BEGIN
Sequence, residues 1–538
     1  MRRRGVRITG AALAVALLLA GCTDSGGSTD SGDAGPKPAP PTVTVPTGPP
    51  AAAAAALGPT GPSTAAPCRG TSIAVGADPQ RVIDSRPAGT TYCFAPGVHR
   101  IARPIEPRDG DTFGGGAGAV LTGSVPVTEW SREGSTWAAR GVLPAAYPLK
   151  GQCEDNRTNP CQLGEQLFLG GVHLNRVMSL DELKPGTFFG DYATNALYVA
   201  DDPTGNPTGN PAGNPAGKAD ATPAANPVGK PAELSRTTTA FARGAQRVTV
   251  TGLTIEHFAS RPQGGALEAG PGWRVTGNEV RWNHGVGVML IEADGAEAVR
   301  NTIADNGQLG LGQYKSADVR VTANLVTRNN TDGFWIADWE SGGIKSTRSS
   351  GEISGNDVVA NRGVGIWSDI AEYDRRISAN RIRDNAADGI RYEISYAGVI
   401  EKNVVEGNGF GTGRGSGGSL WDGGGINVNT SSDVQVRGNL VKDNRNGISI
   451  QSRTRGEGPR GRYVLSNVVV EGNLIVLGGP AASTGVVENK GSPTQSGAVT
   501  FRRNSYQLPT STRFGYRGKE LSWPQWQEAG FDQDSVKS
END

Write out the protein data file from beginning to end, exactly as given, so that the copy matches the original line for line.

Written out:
Sequence, residues 1–538
     1  MRRRGVRITG AALAVALLLA GCTDSGGSTD SGDAGPKPAP PTVTVPTGPP
    51  AAAAAALGPT GPSTAAPCRG TSIAVGADPQ RVIDSRPAGT TYCFAPGVHR
   101  IARPIEPRDG DTFGGGAGAV LTGSVPVTEW SREGSTWAAR GVLPAAYPLK
   151  GQCEDNRTNP CQLGEQLFLG GVHLNRVMSL DELKPGTFFG DYATNALYVA
   201  DDPTGNPTGN PAGNPAGKAD ATPAANPVGK PAELSRTTTA FARGAQRVTV
   251  TGLTIEHFAS RPQGGALEAG PGWRVTGNEV RWNHGVGVML IEADGAEAVR
   301  NTIADNGQLG LGQYKSADVR VTANLVTRNN TDGFWIADWE SGGIKSTRSS
   351  GEISGNDVVA NRGVGIWSDI AEYDRRISAN RIRDNAADGI RYEISYAGVI
   401  EKNVVEGNGF GTGRGSGGSL WDGGGINVNT SSDVQVRGNL VKDNRNGISI
   451  QSRTRGEGPR GRYVLSNVVV EGNLIVLGGP AASTGVVENK GSPTQSGAVT
   501  FRRNSYQLPT STRFGYRGKE LSWPQWQEAG FDQDSVKS